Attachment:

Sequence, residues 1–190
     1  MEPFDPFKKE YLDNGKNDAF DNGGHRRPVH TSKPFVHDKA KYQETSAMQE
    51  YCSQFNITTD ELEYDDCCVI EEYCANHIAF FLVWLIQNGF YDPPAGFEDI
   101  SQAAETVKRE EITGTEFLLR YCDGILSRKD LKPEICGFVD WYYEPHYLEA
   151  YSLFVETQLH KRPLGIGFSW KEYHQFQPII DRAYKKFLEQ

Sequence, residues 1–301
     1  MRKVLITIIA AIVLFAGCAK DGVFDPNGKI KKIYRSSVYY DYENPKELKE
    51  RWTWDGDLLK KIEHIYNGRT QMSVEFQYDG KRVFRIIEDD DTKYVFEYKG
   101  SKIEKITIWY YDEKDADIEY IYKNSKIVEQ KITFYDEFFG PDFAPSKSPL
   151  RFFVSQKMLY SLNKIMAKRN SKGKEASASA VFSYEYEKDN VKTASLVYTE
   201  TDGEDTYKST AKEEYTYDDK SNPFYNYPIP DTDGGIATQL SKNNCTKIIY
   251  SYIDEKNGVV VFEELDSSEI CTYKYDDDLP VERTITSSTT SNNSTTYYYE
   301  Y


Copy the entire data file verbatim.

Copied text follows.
Sequence, residues 1–190
     1  MEPFDPFKKE YLDNGKNDAF DNGGHRRPVH TSKPFVHDKA KYQETSAMQE
    51  YCSQFNITTD ELEYDDCCVI EEYCANHIAF FLVWLIQNGF YDPPAGFEDI
   101  SQAAETVKRE EITGTEFLLR YCDGILSRKD LKPEICGFVD WYYEPHYLEA
   151  YSLFVETQLH KRPLGIGFSW KEYHQFQPII DRAYKKFLEQ

Sequence, residues 1–301
     1  MRKVLITIIA AIVLFAGCAK DGVFDPNGKI KKIYRSSVYY DYENPKELKE
    51  RWTWDGDLLK KIEHIYNGRT QMSVEFQYDG KRVFRIIEDD DTKYVFEYKG
   101  SKIEKITIWY YDEKDADIEY IYKNSKIVEQ KITFYDEFFG PDFAPSKSPL
   151  RFFVSQKMLY SLNKIMAKRN SKGKEASASA VFSYEYEKDN VKTASLVYTE
   201  TDGEDTYKST AKEEYTYDDK SNPFYNYPIP DTDGGIATQL SKNNCTKIIY
   251  SYIDEKNGVV VFEELDSSEI CTYKYDDDLP VERTITSSTT SNNSTTYYYE
   301  Y